Citizens in Space? What A Dream!

By SpaceRef Editor
October 29, 2000
Filed under ,

Note: this article was originally published in the 26 October 2000 issue of USA Today and is reproduced on SpaceRef with the permission of the author.

As the first permanent crew to the International Space Station (ISS) prepares
for its launch Tuesday, I can’t help thinking about how far behind we are. In
the movie 2001: A Space Odyssey, we were supposed to have an enormous
elegant space station by now, with regular Pan Am shuttle service to it, for
ordinary citizens and colorless bureaucrats alike. Americans and Russians
were supposed to have bases on the moon, and a huge American spacecraft was
to be preparing for manned Mars and deep-space exploration.

The kick is that Arthur Clarke’s science-fiction vision of 2001 wasn’t so
far-fetched in 1968. Back then, we were on the brink of landing humans on the
moon. NASA was drawing up the final design of our first large space station,
Skylab, along with preliminary designs for a shuttle transportation system. A
successful series of unmanned probes had mapped the moon, and another family
of robotic spacecraft was preparing for intense and highly successful
exploration of Mars and the rest of the solar system.

The logical, evolutionary extension of these 1960s activities was a supremely
sophisticated space program. Indeed, America’s own expectations for the year
2001, like Clarke’s, were shaped not so much by science fiction, but science
facts, the breathtaking real-life accomplishments of those times.

However, when NASA now trumpets the ISS as a “new era” of cooperation from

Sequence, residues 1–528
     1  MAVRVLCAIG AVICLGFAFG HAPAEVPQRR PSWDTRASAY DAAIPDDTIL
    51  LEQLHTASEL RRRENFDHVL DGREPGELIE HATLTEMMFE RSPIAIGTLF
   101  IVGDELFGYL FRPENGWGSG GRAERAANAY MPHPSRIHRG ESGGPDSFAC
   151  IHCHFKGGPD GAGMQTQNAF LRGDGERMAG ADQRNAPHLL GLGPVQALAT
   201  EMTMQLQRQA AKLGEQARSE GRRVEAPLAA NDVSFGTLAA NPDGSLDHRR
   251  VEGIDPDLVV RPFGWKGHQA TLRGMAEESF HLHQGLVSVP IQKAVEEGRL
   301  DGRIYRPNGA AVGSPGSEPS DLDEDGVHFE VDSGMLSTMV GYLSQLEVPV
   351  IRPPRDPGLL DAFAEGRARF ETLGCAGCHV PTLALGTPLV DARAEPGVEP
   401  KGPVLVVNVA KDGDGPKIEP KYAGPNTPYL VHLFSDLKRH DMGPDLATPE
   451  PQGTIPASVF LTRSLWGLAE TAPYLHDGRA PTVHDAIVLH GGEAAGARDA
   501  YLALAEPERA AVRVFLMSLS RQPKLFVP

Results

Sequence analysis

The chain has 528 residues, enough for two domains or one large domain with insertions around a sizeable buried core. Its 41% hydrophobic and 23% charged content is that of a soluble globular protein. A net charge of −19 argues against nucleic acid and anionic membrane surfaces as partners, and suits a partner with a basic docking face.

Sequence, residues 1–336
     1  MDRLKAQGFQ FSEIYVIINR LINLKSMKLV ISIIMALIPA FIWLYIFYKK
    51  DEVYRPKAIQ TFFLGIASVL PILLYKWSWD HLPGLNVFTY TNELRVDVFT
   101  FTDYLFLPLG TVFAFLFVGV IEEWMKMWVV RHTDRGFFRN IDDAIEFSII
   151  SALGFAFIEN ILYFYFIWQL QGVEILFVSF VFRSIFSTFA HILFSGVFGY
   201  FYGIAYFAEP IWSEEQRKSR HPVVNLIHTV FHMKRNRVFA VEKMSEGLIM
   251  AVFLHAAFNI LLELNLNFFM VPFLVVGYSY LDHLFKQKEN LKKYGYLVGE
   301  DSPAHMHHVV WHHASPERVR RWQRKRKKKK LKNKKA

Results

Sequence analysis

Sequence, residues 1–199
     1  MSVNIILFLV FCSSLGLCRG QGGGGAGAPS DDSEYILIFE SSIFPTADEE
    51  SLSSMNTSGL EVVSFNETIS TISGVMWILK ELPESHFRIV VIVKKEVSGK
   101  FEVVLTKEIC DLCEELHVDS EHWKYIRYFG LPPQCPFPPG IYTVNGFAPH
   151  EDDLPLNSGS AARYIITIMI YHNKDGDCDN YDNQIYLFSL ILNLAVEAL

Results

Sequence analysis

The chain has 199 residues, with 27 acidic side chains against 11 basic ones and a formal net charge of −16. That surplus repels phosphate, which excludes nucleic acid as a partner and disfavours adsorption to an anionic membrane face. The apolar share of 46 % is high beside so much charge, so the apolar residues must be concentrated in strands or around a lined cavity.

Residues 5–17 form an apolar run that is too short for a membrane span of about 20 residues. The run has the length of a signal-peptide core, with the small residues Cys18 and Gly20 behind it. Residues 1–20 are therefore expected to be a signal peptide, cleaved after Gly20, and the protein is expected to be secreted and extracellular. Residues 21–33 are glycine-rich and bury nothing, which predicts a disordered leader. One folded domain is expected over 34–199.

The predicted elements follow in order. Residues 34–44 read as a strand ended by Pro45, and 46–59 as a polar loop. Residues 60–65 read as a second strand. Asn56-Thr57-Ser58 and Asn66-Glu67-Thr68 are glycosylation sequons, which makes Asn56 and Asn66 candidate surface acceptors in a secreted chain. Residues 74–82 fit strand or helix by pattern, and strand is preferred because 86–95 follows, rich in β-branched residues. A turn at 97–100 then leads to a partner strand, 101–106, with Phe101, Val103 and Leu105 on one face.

which great science and great discoveries will come, they’re on much thinner
factual ice than they were promising these things in the ’60s.

The space station’s equipment is so balky that for the first few years,
50%-80% of crew time will be spent fixing and maintaining it, not
investigating the profound questions of existence in the universe.
Furthermore, how cooperative this new era of cooperation is depends largely
on our new allies, the money-challenged Russians, whose only consistency has
been their unwillingness to pick up their fair share of ISS costs.

The U.S. shuttles are old; one already has blown up. Planetary exploration
has come to a screeching halt because NASA’s still-fashionable “faster,
better, cheaper” dogma resulted in four piles of rubble on Mars’ surface,
just last year.

But NASA has one thing still going for it: the dazzling illogic of space

The whole space program came about not as some logical, evolutionary
outgrowth of technology, but as a result of international hyperventilation
over questions of nuclear war – and a young president, John F. Kennedy, who
thought landing on the moon somehow was going to settle all that. Once
accomplished, President Nixon didn’t logically use the magnificent
interplanetary infrastructure of the Apollo program; he promptly scuttled it
and sold the metal for scrap. In keeping with the illogical waste of
expensive space resources, President Carter later chucked Skylab. After the
Challenger disaster during the Reagan years, NASA clearly never was going to
use the shuttle as a broad-access spaceliner that citizen-passengers could
use to go to the New Frontier, as promised. And all hopes of humans playing
golf on Mars in our lifetimes fell victim to the failures last year in